Collaboration and the Value of Assessments

Name: Nicdao, Jocelyn

Topic: CO

Citation: Moreillon, J. (2019). Co-planning and co-implementing assessment and evaluation strategies for inquiry learning. Knowledge Quest, 47(3), 40-47. Retrieved from https://files.eric.ed.gov/fulltext/EJ1201075.pdf

Summary: Moreillon discusses the importance of school librarians to work in “comprehensive collaboration” with classroom teachers and/or learning specialists in order to be valuable in the academic partnership. In such collaborative efforts, both school librarians and classroom teachers and/or learning specialists actively work together in the planning, implementation, assessment, and evaluation of a unit. More specifically, Moreillon emphasizes the value and use of assessments especially from both the school librarian and classroom teacher and/or learning specialist. Assessments coming from the collaboration of two or more adults allow for reliability and for different perspectives in practice and in the learning process. Assessments guide in the co-planning of learning throughout the unit, focused on the “what?” and the “how?” students learn in the process and the quality of that learning. Further, assessments allow for the co-implementation of further academic supports such as small groups or one-on-one for students who may struggle or the co-implementation of lessons to reteach with examples or to  re-frame for the whole class. Moreover, assessments inform the evaluation of the unit itself, with both the school librarian and classroom teacher and/or learning specialists seeing its successes and needs for improvement and thereby, planning for the next unit.

Evaluation: I find that Moreillon is basically encouraging school librarians to be a valuable part of the collaboration process, using assessments as tools to collaborate successfully with the classroom teacher and/or learning specialist in the planning, implementation, assessment, and evaluation of a co-taught unit. With that, she includes in this article examples of forms that can be used in the collaboration process. As she points out the many benefits and examples of co-assessments from both librarian and classroom teacher and/or learning specialist, I realize how much rich input school librarians can provide in co-teaching a unit and thus, become a prolific part of the academic partnership.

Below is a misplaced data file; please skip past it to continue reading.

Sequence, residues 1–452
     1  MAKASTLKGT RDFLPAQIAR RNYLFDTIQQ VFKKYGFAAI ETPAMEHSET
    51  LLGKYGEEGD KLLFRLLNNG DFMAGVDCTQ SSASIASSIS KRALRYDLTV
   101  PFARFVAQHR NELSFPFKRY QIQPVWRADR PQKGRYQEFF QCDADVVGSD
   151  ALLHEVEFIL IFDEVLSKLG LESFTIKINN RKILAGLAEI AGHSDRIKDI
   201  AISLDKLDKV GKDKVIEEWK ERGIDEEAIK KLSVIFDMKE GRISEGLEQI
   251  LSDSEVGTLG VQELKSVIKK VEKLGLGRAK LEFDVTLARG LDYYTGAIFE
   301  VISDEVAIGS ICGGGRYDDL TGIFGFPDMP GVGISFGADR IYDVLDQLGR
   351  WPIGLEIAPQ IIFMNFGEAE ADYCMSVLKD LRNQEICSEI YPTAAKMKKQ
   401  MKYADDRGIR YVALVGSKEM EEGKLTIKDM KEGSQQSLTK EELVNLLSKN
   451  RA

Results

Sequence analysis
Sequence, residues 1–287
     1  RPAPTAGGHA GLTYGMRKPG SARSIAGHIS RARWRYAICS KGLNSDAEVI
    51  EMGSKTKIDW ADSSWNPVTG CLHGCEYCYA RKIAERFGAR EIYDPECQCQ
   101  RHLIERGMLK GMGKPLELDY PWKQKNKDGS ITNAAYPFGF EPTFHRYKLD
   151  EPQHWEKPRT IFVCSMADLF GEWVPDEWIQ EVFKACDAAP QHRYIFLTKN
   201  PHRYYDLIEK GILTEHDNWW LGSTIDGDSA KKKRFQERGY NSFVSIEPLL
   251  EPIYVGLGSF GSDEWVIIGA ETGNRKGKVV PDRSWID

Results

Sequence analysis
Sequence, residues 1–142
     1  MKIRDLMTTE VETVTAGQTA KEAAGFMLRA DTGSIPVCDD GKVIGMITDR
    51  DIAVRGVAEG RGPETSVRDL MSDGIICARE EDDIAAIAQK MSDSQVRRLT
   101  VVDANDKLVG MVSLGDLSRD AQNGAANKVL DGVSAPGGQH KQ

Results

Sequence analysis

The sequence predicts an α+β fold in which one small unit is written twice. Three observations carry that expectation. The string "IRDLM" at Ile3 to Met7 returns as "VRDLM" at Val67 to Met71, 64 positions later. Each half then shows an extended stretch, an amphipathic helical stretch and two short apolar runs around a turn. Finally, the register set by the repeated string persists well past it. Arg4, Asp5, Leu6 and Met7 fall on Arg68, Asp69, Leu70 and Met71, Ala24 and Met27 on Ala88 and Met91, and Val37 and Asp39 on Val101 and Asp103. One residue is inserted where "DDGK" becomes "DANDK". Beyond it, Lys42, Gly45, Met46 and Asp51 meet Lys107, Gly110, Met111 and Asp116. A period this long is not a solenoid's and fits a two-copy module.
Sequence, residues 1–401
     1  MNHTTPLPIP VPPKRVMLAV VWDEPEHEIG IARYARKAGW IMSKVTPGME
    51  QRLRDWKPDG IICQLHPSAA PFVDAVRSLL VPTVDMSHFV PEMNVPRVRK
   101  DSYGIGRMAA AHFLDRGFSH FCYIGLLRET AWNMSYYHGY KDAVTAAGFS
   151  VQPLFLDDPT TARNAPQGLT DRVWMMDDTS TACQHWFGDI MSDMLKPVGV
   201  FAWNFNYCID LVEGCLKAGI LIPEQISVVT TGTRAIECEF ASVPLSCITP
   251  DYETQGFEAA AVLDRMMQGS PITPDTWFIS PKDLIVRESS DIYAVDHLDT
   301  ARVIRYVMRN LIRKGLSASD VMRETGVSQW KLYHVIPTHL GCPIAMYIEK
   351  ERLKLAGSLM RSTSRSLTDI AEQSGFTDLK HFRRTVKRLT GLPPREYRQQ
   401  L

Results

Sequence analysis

A Prime Co-Teaching Opportunity

Taylor, Diana

CO

Jones, T. N. (2016, March 5). A Prime Co-Teaching Opportunity. Retrieved from https://www.slj.com/?detailStory=a-prime-co-teaching-opportunity

Summary: In this article, Jones discusses what it means for librarians to collaborate alongside of teachers and provides various co-teaching structures that can work. When just starting out, she recommends strategies for how to find likely partners of collaboration, how to find what research projects are planned, what to do next, and how to incorporate technology. She provides an overview the seven models of co-teaching. She also provides an overview of her “team teaching” model experience working with another teacher.

Evaluation: This article is particularly useful to new individuals going into the teacher librarian profession. It gave very specific strategies on how to support classroom instruction, so it was very real world applicable in terms of take away points.